That inconspicuous toilet shut-off valve doesn’t see much action. In fact, that valve may sit for years without ever being closed. That’s not a good thing. After going unused for so long, the valve’s rubber washers begin to dry rot so that when you finally give it a turn, it leaks. And since the valve is usually only closed when the toilet isn’t working, a leaking shut-off valve often adds insult to a repair that’s already in progress.
This guide shares how to replace a toilet shut-off valve to get that leak fixed and your porcelain throne back in service as soon as possible.
BEFORE YOU BEGIN
It’s vital to assess the type of plumbing you have before getting started with a toilet shut-off valve replacement.
- If you live in a home built before 1980, chances are you have iron pipes. Corroded iron pipes can break and crumble when you attempt to remove an old shut-off valve, turning what was supposed to be an easy repair project into a DIY nightmare. For that reason, it’s best to hire a professional if you’re dealing with old cast iron plumbing.
- You may also encounter copper plumbing. Copper pipes are often joined to toilet shut-off valves through a process called sweating, which involves soldering the joint with a blowtorch. This isn’t necessarily an obstacle for DIYers. You can easily cut a sweated copper joint and replace it with a compression connection, avoiding the need to wield high-intensity flames and combustible gas. But, if you want to “sweat” the new joint, it’s best to go with a professional plumber.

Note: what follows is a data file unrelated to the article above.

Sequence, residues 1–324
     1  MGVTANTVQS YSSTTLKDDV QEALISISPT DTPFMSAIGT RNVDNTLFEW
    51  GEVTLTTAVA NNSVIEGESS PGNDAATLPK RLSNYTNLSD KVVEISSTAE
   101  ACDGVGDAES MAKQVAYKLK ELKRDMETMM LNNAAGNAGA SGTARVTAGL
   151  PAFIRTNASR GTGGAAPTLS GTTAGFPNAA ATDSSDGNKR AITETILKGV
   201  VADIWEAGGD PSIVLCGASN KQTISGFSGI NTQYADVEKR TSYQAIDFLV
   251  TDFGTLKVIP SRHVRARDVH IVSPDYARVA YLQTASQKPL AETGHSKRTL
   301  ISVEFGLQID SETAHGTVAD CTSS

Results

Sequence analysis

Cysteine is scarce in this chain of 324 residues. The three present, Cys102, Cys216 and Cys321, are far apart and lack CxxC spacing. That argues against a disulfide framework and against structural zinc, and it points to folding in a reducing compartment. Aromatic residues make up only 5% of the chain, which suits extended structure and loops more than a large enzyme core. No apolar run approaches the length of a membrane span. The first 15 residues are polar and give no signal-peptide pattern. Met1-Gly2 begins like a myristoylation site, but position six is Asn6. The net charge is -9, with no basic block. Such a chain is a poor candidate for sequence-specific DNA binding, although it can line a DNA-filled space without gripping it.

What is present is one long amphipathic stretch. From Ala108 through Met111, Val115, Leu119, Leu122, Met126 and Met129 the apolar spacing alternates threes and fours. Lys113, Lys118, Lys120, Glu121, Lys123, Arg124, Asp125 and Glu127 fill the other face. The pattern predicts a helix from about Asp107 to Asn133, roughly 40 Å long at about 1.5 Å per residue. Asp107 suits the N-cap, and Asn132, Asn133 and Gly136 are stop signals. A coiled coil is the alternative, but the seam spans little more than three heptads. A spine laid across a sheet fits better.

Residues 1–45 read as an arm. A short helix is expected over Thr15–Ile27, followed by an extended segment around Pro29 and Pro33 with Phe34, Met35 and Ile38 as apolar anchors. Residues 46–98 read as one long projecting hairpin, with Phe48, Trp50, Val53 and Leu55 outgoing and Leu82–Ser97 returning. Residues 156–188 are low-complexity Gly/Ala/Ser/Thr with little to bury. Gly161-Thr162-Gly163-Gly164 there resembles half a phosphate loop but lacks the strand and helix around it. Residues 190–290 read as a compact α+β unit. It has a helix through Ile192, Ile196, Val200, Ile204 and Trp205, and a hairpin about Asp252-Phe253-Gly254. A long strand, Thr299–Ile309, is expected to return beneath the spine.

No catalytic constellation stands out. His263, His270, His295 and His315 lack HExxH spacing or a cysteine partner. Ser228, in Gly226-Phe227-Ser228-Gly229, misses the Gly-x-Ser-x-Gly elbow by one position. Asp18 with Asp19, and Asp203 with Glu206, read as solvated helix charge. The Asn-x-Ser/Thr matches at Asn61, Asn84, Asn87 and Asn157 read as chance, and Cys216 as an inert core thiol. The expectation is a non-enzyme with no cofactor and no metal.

Finally, keep in mind that, like many plumbing projects, once you begin to replace a toilet shut-off valve, your home will be without water until you complete the repair. Make sure you have all the proper supplies before you start, so you can finish the repair as quickly as possible and get your bathrooms back in service. Your family will thank you later.
STEP 1: Cut the water supply.
Depending on how well you know your home, you may have to do some hunting to locate the water main shut off valve. The valve is usually located in the basement but may be found in various places, including the laundry room, under the kitchen sink, or in a bedroom closet. You may even need to venture into your yard to locate the water main shut off. Once you’ve found it, tighten the valve to shut off the water.
STEP 2: Drain the water lines.
Before you remove the toilet shut-off valve, you’ll need to drain the supply line to prevent the water remaining in the pipe from gushing out onto your bathroom floor. Open a faucet that is below the level of the toilet valve you’re replacing. This step allows excess water to drain out of the water lines above it, including the pipe that supplies your toilet with water.
STEP 3: Disconnect the supply line.
The toilet supply line is the flexible metal hose that runs from the toilet to the valve. Place a small bucket on the floor under the valve to catch any excess water that escapes from the line before you remove it. Use a crescent wrench to remove the bolt that connects the supply line to the valve. Then disconnect the line from the valve.
STEP 4: Remove the old toilet shut-off valve.